As if voting by e-mail weren’t insecure enough, an election official in New Jersey has now instructed citizens who can’t get their ballots through to swamped government e-mail servers to send them instead to his personal Hotmail account, according to BuzzFeed.
You read that right: Hotmail. For voting.
The vote-by-e-mail idea came about as a result of the destruction leveled on New Jersey by Hurricane Sandy, and the concept by itself has some merit as a what-else-are-you-going-to-do emergency measure in a disaster zone. New Jersey Governor Chris Christie’s adminstration issued a directive on Nov. 3 allowing the practice, to allow displaced voters and emergency responders to participate in the election.
But practically speaking, it’s a nightmare, since e-mails are easily spoofed and votes can be intercepted and changed, several security experts pointed out in this Bloomberg News story.
So, enter the latest reason why voting by e-mail has security experts up in arms.
When voters in Essex County, New Jersey, found their ballots bouncing back from the official government e-mail addresses in recent days, Christopher Durkin, the county clerk, offered up his own Hotmail account as an alternative, according to the BuzzFeed account, which cited this post on the official Facebook page for the township of West Orange. It didn’t take long for security experts to squash that as a good idea.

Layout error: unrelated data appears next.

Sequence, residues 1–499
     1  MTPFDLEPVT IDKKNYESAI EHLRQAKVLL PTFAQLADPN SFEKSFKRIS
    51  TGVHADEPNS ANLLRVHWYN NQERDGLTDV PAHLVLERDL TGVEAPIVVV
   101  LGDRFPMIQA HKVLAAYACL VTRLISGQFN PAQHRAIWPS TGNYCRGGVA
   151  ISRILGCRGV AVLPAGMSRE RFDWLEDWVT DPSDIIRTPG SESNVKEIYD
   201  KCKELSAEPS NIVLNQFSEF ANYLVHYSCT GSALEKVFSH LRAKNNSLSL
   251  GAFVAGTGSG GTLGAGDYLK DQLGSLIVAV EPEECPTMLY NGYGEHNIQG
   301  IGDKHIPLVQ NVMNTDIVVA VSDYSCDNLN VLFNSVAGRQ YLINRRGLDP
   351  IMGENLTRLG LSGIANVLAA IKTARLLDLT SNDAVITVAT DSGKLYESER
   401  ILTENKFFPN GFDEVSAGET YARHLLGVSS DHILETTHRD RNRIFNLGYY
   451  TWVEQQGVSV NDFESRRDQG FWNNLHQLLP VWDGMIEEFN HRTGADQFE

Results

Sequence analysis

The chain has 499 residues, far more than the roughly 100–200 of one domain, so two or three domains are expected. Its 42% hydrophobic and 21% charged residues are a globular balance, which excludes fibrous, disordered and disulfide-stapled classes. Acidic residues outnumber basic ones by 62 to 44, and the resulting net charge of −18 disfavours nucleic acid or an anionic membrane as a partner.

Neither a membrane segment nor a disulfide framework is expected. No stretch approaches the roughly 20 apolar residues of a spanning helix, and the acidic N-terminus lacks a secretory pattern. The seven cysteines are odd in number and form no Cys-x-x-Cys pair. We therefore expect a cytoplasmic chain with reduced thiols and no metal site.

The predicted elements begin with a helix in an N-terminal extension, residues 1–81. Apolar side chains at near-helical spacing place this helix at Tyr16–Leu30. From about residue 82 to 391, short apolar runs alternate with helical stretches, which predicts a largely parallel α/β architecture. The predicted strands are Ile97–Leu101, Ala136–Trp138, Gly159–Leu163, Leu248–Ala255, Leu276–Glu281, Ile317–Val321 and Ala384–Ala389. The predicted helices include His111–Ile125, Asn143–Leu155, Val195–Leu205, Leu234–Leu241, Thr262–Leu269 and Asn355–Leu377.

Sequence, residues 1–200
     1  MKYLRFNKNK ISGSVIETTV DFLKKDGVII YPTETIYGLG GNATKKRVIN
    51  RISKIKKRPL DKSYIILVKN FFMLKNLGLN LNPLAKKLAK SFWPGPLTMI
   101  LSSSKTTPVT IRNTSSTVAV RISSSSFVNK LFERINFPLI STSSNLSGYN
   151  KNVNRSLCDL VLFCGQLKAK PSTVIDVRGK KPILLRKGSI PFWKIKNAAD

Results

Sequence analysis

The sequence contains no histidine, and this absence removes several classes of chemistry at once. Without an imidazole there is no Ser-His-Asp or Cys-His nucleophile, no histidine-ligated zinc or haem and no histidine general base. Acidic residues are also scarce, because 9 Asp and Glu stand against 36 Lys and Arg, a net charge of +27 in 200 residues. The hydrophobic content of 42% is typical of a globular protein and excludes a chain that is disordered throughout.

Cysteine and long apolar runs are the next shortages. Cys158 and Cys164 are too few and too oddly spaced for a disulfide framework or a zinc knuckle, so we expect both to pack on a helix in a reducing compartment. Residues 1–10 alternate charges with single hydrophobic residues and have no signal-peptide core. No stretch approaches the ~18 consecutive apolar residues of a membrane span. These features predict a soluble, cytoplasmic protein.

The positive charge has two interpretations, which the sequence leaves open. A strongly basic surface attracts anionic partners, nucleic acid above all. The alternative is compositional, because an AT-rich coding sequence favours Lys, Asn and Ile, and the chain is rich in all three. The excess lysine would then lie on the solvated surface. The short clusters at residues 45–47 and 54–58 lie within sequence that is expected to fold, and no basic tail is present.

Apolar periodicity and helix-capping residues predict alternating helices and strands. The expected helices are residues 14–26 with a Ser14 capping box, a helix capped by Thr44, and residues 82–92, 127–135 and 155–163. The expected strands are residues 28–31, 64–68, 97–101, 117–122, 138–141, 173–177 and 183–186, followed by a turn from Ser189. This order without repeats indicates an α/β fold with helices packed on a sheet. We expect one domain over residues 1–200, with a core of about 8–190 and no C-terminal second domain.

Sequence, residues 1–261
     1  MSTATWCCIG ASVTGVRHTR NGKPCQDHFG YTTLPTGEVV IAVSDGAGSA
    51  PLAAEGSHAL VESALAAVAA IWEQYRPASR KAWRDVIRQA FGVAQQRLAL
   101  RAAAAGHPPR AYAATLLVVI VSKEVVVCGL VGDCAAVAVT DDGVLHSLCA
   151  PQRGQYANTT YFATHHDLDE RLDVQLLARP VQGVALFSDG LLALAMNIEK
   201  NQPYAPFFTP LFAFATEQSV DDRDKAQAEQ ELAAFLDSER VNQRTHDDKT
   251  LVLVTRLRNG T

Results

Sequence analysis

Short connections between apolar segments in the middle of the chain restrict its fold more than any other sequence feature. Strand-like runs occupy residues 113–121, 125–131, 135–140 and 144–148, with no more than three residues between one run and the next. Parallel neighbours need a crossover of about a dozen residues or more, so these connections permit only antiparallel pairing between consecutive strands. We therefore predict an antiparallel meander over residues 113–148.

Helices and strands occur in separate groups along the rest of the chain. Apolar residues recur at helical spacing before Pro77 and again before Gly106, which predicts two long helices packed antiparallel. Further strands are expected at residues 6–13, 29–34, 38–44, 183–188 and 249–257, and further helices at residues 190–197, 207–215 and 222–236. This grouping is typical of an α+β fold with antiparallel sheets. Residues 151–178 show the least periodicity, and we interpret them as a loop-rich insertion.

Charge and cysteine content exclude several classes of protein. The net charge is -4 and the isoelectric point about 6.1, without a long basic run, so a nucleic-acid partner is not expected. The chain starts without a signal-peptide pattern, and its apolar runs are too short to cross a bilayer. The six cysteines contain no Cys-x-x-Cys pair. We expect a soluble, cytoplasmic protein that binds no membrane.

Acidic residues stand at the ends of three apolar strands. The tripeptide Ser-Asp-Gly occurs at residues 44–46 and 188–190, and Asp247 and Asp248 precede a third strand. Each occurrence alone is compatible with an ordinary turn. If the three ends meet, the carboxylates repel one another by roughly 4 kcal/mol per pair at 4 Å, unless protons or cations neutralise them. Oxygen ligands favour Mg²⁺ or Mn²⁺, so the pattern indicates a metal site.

Ashkan Soltani, a security and privacy consultant, checked out the Hotmail account and found that the password-retrieval function used a question that’s likely easy to answer with a little public-records research: Durkin’s mother’s maiden name. Password retrievals are a very common way that e-mail accounts get hacked. See Sarah Palin’s Yahoo hacking incident in 2008, and concerns raised last year over the Indian government’s widespread use of Web-based e-mail .
Durkin did not respond immediately to an e-mailed request for comment.
New Jersey had few good options on this one. Voting by e-mail was clearly not the preferred way the state wanted to handle its balloting. Whether it turns out to be the least bad of a bunch of bad options — or just the flat-out worst, if hackers can manipulate the results — is something that should start becoming clearer tomorrow.